Daunte Wright shooting: Dozens arrested in fresh unrest in Minnesota: Protesters in the city of Brooklyn Center defied a curfew and threw objects at police, who responded with flash grenades and tear gas after 17 hours ago: Police release footage of arrest and shooting’
This report contains strong language: In a courtroom just a few miles away, ex-police officer Derek Chauvin is charged with murdering the African American man in May last year.
- A city with unrest in the making
- Timeline of black deaths caused by US police
- How are African-Americans treated under the law?
Police said Daunte Wright, 20, was shot and died after an officer mistook her gun for a Taser during a traffic stop: The shooting came as the high-profile George Floyd murder trial continues.
Derek Chauvin’s defence team on Monday asked for jury members to be sequestered – separated from other people – as they might be swayed by the latest events. The judge denied the request.
Prosecutors expect to decide Wednesday whether to charge a white former police officer who fatally shot a Black man during a traffic stop in a Minneapolis suburb, sparking nights of protests and raising tensions amid the <a href=”https://apnews.com/article/police-trials-minneapolis-racial-injustice-death-of-george-floyd-877dc5632fc03037131977c61af6865d”>nearby murder trial</a> of the ex-officer charged with killing George Floyd.Brooklyn Center police officer Kim Potter and Police Chief Tim Gannon <a href=”https://apnews.com/73b1af26c9ed5d437988d8d1c72bb311″>resigned Tuesday</a>, two days after Potter shot 20-year-old Daunte Wright. Gannon has said he believed Potter mistakenly grabbed her pistol when she was trying to pull out her Taser.Brooklyn Center <a href=”https://apnews.com/article/race-and-ethnicity-death-of-daunte-wright-liberia-shootings-police-0937e6536a5a3ce28ec5d20cb336565f”>Mayor Mike Elliott</a> said at a news conference that the city had been moving toward firing Potter, a 26-year veteran, when she resigned.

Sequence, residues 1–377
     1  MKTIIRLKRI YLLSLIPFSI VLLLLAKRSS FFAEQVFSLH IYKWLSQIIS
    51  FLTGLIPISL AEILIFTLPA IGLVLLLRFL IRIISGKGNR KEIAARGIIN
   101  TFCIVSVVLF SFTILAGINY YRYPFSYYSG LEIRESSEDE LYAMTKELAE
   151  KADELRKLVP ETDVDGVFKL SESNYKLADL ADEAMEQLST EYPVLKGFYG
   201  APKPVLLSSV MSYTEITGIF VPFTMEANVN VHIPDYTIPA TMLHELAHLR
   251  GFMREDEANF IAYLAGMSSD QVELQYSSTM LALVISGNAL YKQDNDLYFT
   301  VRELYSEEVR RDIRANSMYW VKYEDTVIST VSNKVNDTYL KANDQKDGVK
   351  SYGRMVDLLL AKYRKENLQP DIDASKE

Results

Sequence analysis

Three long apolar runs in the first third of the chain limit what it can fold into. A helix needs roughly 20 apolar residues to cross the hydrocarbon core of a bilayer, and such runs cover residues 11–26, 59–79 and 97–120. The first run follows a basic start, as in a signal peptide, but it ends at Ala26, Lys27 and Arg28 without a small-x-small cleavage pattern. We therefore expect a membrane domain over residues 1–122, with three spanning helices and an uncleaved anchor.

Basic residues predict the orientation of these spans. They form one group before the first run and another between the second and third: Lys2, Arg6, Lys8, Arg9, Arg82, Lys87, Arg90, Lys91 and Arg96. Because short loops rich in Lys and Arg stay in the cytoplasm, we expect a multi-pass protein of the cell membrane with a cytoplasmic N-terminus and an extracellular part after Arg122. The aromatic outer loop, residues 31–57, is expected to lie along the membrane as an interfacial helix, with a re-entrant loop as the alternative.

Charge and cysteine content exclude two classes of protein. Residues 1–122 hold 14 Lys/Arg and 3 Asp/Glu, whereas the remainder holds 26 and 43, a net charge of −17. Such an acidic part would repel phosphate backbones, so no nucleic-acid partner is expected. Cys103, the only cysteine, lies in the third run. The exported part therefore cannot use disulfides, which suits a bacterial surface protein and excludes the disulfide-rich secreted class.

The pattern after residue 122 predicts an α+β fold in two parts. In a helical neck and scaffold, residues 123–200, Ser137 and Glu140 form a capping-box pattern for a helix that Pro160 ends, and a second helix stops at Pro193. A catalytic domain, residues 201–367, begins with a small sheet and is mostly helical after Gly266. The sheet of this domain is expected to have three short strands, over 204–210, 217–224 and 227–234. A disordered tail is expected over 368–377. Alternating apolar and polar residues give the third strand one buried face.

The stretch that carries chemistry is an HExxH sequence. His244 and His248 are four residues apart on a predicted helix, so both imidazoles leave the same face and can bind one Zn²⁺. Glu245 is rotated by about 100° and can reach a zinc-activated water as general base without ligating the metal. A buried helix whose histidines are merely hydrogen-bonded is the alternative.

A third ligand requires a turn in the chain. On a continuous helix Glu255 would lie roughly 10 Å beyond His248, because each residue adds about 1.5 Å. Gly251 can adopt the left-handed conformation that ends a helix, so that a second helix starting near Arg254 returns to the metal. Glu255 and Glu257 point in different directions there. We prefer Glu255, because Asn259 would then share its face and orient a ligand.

Elliott said he hoped her resignation would “bring some calm to the community,” but that he would keep working toward “full accountability under the law.”Washington County Attorney Pete Orput told WCCO-AM that he had received information on the case from state investigators and hoped to have a charging decision on Wednesday. Orput did not respond to a message from The Associated Press. While the shooting happened in Hennepin County, prosecutors referred the case to nearby Washington County — a practice county attorneys in the Minneapolis area adopted last year in handling police deadly force cases.“We have to make sure that justice is served, justice is done. Daunte Wright deserves that. His family deserves that,” Elliott said.But police and protesters faced off once again after nightfall Tuesday, with hundreds of protesters gathering again at Brooklyn Center’s heavily guarded police headquarters, now ringed by concrete barriers and a tall metal fence, and where police in riot gear and National Guard soldiers stood watch.